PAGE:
Now the Officer you cite as an example above would have been allowed to join the Police pre 2000, he would not be post 2000 and if he did he would have had to lie on his application, as it does ask if you are or have been a member of the BNP. So not just membership beinhlg an issue, but lying about it too. A willingness to distort the truth is not what is publicly acceptable in an organisation which us supposed to uphold the law.

Not sure what happened to coppers who were BNP members prior to the 2000 Amendment when it came in though.

 
If National Action are so dangerous and so prevalent, why haven’t it’s members simply rebranded as something else entirely that isn’t proscribed? The answer is that they are a non-entity who are only mentioned in the media to further demonise the entire right wing of British politics.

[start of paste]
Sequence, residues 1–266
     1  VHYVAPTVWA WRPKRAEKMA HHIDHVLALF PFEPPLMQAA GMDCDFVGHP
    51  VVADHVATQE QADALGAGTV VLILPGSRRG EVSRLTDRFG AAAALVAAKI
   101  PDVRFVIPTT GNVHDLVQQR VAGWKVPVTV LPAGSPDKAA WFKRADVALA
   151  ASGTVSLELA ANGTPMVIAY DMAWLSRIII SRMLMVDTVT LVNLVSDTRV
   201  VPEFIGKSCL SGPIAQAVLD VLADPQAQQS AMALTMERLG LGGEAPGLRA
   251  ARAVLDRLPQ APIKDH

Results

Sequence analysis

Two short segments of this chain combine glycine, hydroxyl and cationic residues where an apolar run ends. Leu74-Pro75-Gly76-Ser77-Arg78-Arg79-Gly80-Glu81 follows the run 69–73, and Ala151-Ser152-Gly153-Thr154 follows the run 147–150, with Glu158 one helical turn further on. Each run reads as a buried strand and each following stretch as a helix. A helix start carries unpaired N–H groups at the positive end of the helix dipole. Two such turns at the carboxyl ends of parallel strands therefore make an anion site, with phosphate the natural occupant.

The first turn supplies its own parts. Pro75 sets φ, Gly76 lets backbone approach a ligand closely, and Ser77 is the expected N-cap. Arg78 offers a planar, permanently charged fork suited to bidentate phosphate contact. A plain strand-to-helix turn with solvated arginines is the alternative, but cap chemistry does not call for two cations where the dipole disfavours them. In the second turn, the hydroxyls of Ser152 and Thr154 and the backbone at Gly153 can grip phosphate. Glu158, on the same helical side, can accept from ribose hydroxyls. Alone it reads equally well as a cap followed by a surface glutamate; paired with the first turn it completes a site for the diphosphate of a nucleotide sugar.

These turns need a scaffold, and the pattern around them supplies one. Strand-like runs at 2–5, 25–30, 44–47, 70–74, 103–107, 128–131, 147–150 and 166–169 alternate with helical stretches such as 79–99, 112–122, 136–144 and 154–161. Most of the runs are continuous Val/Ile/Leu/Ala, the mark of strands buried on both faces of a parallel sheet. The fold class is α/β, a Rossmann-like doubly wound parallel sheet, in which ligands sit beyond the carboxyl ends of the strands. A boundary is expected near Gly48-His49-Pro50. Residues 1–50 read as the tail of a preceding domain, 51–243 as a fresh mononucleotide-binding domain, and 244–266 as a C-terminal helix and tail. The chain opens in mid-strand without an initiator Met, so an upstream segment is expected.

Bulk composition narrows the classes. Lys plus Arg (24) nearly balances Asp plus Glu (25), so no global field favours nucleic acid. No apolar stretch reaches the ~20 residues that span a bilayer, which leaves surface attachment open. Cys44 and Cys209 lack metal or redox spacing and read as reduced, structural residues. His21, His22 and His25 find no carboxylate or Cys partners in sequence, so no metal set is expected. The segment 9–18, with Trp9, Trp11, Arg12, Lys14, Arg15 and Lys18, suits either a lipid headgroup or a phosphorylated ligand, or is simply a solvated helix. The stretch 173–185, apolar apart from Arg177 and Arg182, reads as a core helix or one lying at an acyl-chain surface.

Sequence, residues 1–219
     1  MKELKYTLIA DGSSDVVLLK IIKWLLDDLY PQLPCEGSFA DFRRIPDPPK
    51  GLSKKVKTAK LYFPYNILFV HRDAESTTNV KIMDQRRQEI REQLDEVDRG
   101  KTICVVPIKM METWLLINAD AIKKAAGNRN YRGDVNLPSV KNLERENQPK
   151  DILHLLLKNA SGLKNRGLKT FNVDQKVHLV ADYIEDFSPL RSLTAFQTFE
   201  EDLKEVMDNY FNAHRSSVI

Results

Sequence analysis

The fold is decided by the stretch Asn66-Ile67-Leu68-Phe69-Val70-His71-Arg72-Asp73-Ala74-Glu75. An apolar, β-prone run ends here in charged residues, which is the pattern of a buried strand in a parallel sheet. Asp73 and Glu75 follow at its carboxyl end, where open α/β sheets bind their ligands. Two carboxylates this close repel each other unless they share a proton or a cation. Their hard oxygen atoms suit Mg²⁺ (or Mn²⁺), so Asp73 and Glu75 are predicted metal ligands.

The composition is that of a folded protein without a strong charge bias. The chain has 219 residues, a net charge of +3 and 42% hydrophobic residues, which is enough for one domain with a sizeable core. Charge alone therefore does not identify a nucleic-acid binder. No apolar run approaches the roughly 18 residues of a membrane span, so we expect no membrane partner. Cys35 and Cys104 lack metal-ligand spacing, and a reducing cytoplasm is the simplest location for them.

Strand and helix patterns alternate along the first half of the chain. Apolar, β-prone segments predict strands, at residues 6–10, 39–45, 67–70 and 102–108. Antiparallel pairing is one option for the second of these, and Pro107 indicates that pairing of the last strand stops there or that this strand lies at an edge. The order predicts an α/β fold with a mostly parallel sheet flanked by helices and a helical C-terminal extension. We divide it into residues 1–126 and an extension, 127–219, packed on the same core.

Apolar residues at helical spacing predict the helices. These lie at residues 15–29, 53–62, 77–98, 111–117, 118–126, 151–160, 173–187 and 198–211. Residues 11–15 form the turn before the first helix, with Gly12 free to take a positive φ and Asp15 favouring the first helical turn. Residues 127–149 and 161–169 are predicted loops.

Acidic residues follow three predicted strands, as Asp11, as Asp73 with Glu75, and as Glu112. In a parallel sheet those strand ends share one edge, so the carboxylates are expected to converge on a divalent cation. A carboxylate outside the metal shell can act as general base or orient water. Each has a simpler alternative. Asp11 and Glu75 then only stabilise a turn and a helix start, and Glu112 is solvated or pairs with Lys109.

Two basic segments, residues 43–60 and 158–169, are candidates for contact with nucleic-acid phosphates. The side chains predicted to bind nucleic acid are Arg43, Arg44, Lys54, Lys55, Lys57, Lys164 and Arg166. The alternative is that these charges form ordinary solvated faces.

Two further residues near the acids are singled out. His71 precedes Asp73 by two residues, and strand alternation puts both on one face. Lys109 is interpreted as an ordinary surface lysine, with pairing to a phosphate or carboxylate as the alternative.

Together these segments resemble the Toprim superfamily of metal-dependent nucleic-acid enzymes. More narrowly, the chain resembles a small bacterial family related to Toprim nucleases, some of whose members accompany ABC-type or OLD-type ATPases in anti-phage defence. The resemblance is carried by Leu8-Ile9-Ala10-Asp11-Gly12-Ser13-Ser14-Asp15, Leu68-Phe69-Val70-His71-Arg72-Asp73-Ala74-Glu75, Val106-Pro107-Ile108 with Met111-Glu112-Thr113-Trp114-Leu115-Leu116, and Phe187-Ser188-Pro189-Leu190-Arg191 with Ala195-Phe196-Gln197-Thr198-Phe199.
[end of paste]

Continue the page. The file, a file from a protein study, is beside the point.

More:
Without the occasional deployment of a terrifying bogeyman there is a danger that those with conservative leanings might be revealed as the caring, decent people they usually are.

And obviously, we can’t have that.
Who said it was so prevalent?

Not sure of your point, do you believe he should have stayed?
 

Cold_Collation

LE
Book Reviewer
You're still doing it. Why? You're better than that.
Okay, a less flippant answer:

Because the vehemence of some of the Hard Left organisations which are still allowed to be in the mainstream is every bit as bad as some of the proscribed organisations on the Hard Right.

See my example above: the Shadow Chancellor advocating violence against political opponents.

What's the difference?